University of Cambridge > Talks.cam > Engineering Department Bio- and Micromechanics Seminars > Some recent multiphysics problems in geomechanics

Some recent multiphysics problems in geomechanics

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If you have a question about this talk, please contact Ms Helen Gardner.

Soils are diverse, ranging from more common materials such as clay, silt and sand to less familiar soils such as peat and methane hydrate soils. They are particulate, and this particular nature leads to response characteristics such as dilatancy, the importance of state, stress dependant strength and stiffness, non-linearity etc. Furthermore geomechanics problems require multiphysics analysis. For example, the material response is influenced by pore pressure and temperature. Hence geotechnical engineers often spend much of their time measuring the mechanical behavior of geomaterials and picking the “right” model to solve the problem. Such tasks are becoming more important nowadays as the use of numerical methods like the finite element method is standard engineering practice. The talk will cover the following multiphysics problems that the speaker has been involved with. (1) Long-term effect of tunneling in London clay addressing the importance of small strain stiffness and anisotropy, (2) Large scale submarine landslide highlighting the need of a large deformation model and (3) Wellbore simulation of methane production showing the development of a model for methane hydrate soil.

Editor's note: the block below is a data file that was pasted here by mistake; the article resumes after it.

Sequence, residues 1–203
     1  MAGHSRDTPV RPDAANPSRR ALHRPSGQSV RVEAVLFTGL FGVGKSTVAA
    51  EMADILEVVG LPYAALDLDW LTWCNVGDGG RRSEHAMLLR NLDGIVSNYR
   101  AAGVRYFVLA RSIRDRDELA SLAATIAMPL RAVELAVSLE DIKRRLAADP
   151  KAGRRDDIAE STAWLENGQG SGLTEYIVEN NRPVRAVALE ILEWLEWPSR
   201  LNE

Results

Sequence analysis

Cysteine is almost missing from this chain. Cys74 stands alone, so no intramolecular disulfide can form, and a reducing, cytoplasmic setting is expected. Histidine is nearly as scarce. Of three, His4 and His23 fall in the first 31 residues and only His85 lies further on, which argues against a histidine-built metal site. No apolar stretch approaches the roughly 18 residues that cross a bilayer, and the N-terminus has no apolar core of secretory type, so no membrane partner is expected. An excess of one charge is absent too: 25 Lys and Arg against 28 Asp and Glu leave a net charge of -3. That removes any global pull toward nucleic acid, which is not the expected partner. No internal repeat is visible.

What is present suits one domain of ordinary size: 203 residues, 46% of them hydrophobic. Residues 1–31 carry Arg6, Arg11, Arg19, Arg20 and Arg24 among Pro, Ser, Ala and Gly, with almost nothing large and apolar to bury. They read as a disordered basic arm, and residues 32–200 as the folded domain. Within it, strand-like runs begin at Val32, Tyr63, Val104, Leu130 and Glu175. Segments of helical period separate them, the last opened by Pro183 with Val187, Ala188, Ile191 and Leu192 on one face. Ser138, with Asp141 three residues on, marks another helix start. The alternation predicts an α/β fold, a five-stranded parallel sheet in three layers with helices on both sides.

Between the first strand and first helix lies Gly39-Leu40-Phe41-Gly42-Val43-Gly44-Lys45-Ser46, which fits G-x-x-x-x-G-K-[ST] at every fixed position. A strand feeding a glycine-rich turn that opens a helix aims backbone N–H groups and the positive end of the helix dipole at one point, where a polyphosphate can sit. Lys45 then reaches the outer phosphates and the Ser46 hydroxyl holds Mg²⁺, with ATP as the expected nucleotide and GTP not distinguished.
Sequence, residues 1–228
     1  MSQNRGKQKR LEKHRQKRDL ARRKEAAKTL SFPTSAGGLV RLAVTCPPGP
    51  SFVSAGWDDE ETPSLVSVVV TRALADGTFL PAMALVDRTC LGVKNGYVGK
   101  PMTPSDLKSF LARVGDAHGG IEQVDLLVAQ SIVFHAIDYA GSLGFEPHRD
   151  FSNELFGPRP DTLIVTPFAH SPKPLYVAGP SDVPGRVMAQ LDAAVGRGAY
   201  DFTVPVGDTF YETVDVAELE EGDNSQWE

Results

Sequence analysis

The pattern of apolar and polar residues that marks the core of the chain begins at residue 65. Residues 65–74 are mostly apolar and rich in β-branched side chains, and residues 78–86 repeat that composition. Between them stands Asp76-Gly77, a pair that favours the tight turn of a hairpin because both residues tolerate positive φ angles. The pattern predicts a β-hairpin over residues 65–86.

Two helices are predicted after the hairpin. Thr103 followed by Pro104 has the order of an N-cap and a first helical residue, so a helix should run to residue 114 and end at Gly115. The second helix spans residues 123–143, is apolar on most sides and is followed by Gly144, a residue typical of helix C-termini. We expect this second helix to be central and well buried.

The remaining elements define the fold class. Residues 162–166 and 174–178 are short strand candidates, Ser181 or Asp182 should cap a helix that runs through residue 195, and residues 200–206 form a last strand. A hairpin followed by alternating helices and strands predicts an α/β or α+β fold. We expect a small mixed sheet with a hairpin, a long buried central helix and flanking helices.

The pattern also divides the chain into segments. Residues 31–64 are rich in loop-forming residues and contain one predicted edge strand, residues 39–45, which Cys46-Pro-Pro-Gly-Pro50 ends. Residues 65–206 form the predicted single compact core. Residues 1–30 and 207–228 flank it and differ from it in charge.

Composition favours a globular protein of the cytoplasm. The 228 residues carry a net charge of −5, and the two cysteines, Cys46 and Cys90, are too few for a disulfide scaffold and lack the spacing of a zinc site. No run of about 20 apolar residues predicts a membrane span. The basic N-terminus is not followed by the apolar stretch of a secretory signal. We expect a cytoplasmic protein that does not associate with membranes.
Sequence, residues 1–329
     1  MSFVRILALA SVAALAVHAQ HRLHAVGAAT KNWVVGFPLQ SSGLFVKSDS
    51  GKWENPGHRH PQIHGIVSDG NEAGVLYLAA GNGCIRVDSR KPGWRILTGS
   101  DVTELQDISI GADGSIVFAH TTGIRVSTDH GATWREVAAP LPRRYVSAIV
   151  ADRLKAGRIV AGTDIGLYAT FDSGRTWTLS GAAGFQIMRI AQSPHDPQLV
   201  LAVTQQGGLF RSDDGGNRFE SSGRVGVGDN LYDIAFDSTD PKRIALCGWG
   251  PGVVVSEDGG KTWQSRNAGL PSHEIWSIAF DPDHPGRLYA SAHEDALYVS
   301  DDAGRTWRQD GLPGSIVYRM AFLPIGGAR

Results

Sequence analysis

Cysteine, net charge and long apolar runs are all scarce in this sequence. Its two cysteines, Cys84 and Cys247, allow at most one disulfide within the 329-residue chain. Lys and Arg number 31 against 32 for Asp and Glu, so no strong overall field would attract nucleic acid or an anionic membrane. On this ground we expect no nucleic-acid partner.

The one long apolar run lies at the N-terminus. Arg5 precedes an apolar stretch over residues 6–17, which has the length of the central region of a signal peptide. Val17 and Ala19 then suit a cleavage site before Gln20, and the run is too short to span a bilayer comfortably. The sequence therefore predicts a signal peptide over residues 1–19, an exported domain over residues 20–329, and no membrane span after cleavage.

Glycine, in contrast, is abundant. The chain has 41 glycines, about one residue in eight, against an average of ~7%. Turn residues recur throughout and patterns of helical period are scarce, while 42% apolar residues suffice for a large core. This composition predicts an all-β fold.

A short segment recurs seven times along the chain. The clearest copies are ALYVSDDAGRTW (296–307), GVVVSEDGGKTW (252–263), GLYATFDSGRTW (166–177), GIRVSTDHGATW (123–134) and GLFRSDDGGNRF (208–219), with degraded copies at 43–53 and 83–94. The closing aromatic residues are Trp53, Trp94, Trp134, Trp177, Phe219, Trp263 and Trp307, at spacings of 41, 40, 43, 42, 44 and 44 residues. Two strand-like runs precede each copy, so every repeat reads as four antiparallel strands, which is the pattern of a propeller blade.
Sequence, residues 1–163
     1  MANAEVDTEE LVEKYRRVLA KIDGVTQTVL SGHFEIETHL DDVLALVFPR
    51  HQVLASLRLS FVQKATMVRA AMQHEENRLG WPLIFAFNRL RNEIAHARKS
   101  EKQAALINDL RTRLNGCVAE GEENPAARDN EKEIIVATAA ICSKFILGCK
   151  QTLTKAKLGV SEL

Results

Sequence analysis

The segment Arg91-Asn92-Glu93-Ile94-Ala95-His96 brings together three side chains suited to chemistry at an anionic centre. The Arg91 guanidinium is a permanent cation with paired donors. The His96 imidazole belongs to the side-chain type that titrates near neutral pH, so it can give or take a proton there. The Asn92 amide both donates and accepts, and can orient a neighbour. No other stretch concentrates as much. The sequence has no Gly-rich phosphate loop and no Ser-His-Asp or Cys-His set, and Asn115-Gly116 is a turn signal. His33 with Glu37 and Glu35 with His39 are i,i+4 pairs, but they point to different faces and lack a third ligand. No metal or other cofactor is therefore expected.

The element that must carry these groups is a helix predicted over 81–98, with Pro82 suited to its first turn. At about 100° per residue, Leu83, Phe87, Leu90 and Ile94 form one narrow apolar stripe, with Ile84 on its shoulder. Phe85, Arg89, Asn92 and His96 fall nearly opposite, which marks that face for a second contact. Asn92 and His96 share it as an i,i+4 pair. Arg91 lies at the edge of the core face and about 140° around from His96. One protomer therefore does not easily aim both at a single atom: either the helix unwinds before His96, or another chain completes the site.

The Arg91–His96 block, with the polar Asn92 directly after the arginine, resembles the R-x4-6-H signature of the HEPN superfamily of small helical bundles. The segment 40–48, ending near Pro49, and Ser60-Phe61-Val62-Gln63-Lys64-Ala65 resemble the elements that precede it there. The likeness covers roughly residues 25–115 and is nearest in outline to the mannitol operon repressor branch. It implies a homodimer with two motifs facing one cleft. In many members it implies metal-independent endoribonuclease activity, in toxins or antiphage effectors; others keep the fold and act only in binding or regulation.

This talk is part of the Engineering Department Bio- and Micromechanics Seminars series.

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